Wednesday, July 27, 2005

Camp 2005 -- Sanitizing Solution

I maintain a sanitation station on the drain board to the pot and pan sinks in the kitchen. Two containers -- one with hot soapy water for cleaning and a container of sanitizer solution -- set on the counter throughout the day.

Both solutions are changed three to four times each day as it's solied. A new solution is made until the end of the day. Fresh towels are placed in each solution. The sanitizer solution is made from quaternary ammonia. "Quat" can be purchased at restaurant supply houses in a one-gallon bottle.

To test solution strength (at 200 parts per million), dip the quat test strip into the solution for 10 seconds. Remove the test strip and compare it to that color chart on dispenser. If you measured correctly, the color will match the color for 200 ppm (olive green on my test strips). Add additional quat to the solution if it reads less than 200 ppm.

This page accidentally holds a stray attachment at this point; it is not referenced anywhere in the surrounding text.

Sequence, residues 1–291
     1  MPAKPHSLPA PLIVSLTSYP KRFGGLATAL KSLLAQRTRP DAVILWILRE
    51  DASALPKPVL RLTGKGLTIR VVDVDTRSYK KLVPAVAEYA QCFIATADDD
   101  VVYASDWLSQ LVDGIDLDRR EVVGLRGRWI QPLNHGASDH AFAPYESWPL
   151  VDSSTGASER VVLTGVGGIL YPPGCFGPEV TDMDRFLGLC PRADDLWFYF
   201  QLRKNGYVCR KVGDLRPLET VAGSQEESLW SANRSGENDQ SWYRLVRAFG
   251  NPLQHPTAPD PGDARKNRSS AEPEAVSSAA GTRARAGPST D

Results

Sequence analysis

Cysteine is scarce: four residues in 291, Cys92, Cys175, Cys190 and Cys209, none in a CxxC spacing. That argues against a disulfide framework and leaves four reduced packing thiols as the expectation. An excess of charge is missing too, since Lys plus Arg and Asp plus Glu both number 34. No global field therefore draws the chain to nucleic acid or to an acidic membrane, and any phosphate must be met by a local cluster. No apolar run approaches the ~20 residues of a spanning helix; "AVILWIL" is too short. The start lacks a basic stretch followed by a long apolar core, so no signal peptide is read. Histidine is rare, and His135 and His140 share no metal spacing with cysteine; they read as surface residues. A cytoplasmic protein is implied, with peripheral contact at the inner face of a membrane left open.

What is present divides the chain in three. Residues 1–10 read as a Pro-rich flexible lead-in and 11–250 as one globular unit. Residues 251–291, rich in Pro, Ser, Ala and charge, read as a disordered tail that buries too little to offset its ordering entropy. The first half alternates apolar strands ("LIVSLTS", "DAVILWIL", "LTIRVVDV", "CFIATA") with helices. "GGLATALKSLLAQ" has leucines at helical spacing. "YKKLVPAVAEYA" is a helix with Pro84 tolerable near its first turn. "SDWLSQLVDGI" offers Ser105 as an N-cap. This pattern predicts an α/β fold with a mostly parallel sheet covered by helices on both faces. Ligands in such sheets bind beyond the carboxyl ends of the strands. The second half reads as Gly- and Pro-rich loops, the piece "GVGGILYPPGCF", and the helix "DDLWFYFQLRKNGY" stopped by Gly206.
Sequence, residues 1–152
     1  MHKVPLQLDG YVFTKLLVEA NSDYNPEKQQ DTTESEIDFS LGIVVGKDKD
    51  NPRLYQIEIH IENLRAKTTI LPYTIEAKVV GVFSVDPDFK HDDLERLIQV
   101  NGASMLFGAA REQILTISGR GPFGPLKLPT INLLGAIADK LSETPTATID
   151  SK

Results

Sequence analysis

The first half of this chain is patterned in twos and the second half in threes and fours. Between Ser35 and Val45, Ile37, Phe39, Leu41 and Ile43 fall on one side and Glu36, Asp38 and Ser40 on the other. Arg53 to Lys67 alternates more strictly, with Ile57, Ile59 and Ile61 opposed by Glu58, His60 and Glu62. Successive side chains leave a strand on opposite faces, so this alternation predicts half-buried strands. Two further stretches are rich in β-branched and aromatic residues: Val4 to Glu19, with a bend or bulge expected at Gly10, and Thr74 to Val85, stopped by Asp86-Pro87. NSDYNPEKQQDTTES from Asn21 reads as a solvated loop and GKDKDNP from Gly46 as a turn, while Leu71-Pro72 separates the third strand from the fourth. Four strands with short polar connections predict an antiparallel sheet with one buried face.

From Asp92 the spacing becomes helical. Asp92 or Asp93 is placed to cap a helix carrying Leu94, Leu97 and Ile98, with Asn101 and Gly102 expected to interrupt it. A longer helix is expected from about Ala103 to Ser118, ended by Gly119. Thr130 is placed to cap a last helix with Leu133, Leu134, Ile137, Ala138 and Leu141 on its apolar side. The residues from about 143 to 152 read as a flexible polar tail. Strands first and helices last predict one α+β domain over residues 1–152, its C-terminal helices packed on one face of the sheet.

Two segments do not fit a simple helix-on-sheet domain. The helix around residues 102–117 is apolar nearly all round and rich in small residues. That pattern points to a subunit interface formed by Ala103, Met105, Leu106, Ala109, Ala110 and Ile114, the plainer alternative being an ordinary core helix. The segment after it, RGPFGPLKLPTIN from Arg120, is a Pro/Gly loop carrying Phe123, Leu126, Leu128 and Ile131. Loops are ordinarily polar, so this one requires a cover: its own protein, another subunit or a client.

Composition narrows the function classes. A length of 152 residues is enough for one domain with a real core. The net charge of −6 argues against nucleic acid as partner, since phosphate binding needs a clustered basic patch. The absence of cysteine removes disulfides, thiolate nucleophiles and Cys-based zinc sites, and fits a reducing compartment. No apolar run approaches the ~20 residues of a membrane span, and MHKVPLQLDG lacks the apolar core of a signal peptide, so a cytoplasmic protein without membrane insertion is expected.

Most manufactures instruct you to use 1-ounce for 4 gallons water. However, always follow the instructions on the product label. Test solution after mixing and record the strength (in ppm) on the food safety log. Never increase sanitizer concentration levels above manufacturer’s recommendations due to potential safety hazards to employees.

To use the sanitizing solution, ring the towel dry and wipe the solution on all clean food contact surfaces in the kitchen. A food contact surface is any surface the contacts food in the kitchen. It includes work tables, cutting boards, can openers, serving lines, mixer, meat slicer, etc. When possible, run pots, pans, utensils, etc., through the dishmachine to sanitize.

The ladies started marking sanitized surfaces with "S equals sanitized" tags this year.

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